New Zealand must seize the ‘Indian Opportunity’
New Zealand should not miss the opportunities that India presents for enhancing mutually beneficial relationship and tap into the immense investment and commercial business potential, a senior Indian diplomat has said.
“With its business friendly environment, market reforms, huge market and growing middle class with high levels of disposal income, India has become the flavour of the world,” India’s High Commissioner to New Zealand Admiral Sureesh Mehta said.
He said the Indian and New Zealand Governments were keen to conclude a successful Free Trade Agreement as soon as possible and that such an Agreement will facilitate a larger volume of two-way trade and investment.
“However, there are several areas that offer possibilities for more intensive engagement. Education, investment and joint ventures are sectors that have immense potential to New Zealand businesses and investors,” he said.
Mr Mehta was speaking at the Rotary Club of Harbourside in Auckland on August 10, ahead of India’s 64th anniversary of Independence.
“The annual flow of Foreign Direct Investment is $US 30 billion, with $US 200 billion worth of business potential for foreign companies. Almost all major international companies have established their presence in India. The ever- increasing domestic demand for goods and services, a strong services sector, high rate of consumption and high-end technology are among the drivers of growth,” he said.
India has a huge domestic market and hence largely immune to global financial crisis and recession that has afflicted the rest of the world. Although a free market economy, India remains insulated from the effects of global economic crises, he said.
Mr Mehta said India has always been serious about its international obligations and that at the height of its Balance of Payment crisis in 1991, it sold 67 tons of gold to the International Monetary Fund as a part of a bailout deal and promise of economic restricting.
“Since then, we have had no occasion to look back. Today, India is the fourth largest economy in the world, accounting with GDP of $US 1.2 trillion and Purchasing Power Parity of $US 4.3 trillion . Even as other countries were reeling under recession, the Indian economy grew respectively by 6.5% and 9% in 2008 and 2009, with impressive levels of growth expected this year,” he said.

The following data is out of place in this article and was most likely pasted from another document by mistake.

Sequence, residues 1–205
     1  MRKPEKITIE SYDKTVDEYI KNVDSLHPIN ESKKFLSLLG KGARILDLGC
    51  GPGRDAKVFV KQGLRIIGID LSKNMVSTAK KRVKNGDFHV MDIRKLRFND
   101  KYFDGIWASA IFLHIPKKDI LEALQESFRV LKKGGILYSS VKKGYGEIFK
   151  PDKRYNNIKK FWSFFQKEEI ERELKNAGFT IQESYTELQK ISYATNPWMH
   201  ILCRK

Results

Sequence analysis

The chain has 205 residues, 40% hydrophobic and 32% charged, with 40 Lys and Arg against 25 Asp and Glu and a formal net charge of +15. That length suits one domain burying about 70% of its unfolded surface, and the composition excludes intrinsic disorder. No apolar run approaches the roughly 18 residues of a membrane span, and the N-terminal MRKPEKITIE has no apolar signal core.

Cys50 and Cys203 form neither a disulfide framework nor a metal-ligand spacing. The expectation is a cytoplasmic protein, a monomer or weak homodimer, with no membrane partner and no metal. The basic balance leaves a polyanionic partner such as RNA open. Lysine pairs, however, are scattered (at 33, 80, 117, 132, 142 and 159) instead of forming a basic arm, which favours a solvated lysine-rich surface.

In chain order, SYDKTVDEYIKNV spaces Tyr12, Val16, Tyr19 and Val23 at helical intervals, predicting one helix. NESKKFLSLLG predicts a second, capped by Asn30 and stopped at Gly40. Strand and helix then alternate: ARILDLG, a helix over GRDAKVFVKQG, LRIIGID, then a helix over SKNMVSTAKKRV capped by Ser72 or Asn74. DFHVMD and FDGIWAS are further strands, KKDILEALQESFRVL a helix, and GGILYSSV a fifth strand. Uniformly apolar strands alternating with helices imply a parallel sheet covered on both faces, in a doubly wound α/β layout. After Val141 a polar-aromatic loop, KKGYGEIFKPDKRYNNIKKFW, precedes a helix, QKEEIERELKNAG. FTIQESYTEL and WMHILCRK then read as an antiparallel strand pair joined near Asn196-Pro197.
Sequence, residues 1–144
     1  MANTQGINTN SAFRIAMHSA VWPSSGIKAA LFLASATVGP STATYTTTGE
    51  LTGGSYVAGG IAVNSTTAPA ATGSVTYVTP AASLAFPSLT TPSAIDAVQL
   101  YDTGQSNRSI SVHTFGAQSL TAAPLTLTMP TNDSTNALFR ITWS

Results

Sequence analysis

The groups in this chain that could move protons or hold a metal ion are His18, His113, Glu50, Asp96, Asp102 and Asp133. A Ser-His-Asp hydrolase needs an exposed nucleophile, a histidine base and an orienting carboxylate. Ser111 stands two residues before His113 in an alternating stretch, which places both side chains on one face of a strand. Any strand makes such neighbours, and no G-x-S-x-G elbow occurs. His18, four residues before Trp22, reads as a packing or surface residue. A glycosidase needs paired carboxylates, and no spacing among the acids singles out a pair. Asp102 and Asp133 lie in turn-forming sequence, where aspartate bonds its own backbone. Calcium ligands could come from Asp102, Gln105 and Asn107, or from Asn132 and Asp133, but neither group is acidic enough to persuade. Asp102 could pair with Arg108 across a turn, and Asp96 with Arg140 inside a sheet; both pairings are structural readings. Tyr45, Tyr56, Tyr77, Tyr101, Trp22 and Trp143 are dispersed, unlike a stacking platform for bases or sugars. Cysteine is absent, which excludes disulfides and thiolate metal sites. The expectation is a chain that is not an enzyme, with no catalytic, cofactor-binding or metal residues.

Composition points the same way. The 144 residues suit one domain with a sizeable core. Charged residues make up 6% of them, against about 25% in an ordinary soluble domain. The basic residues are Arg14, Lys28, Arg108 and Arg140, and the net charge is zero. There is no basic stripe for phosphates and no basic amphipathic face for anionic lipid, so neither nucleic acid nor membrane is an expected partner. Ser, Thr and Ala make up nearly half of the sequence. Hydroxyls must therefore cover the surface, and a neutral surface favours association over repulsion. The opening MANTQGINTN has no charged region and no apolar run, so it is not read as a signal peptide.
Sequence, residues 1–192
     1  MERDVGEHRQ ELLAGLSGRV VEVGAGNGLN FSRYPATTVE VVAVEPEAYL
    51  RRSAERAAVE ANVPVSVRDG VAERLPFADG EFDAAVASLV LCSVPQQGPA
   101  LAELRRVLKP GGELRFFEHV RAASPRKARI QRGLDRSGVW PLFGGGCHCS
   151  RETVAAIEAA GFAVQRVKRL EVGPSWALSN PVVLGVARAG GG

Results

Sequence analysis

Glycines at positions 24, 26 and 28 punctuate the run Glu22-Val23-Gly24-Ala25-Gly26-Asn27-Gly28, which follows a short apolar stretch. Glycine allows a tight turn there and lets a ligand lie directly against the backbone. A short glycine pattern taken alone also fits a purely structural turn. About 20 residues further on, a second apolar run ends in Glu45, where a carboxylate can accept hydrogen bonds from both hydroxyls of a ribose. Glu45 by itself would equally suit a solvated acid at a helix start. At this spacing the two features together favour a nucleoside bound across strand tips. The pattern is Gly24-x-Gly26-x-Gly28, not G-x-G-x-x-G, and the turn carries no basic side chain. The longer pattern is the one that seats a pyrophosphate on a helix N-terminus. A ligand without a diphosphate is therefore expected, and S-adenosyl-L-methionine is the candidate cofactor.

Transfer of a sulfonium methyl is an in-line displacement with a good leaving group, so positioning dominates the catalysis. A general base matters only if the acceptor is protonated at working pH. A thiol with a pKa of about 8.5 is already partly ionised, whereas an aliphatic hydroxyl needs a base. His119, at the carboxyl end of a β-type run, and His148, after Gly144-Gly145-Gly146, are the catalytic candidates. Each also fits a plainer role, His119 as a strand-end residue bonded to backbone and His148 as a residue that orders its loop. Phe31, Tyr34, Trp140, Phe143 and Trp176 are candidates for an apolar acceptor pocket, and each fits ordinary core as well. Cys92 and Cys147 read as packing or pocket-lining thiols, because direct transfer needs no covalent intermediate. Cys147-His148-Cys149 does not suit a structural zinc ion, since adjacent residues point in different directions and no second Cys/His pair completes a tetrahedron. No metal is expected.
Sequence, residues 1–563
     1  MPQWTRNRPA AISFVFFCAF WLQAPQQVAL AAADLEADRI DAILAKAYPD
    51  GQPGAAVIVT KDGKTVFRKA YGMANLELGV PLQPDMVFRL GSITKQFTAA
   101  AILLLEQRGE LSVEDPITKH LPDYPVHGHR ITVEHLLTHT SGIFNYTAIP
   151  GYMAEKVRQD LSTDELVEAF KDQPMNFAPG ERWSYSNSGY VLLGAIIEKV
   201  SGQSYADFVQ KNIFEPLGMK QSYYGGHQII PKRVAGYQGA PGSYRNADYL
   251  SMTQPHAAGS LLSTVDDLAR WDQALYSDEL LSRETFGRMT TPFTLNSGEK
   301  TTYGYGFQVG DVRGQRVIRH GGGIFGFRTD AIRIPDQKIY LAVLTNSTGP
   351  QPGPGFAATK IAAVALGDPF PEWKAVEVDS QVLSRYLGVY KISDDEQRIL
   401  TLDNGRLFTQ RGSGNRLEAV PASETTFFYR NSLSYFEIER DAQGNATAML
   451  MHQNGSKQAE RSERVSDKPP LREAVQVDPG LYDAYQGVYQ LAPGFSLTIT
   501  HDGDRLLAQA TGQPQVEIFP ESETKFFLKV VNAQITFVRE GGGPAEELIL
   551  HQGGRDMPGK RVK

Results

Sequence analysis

According to him, rising levels of literacy, employment opportunity and the buoyancy in the economy will reduce the gap between the rich and poor and that over the next 25 years, the poverty level will decline to less than 200 million.
Club President Dan Maharaj said the Rotary Club of Auckland Harbourside was unique with its multicultural outlook comprises members of Chinese, European, Indian and Pacific Islands ethnicity.
He said his Club pools its collective and individual abilities to foster projects and programmes that deliver community care and welfare.
“Our club has supported many national and international projects such as Breast Cancer Research Trust, Disability Resource Centre, Fiji Heart Foundation for the Education of Needy Children in Fiji, North Shore Life Centre St John’s Ambulance, Starship Foundation (all based in Auckland) and the Water Project in Samoa. We seriously pursue the Rotary International motto of ‘Service above Self’ in all our activities,” he said.
President-Elect (2012-2013) Shefali Mehta said her Club evinces interest in Youth Leadership programmes such as the Rotary Youth Leadership Award and the Australia-New Zealand Student Exchange Programme.
“We sponsor Students from the age of 13 to 21 to participate in Rotary New Generation Projects,” she said.
Read related stories on India’s Independence in this issue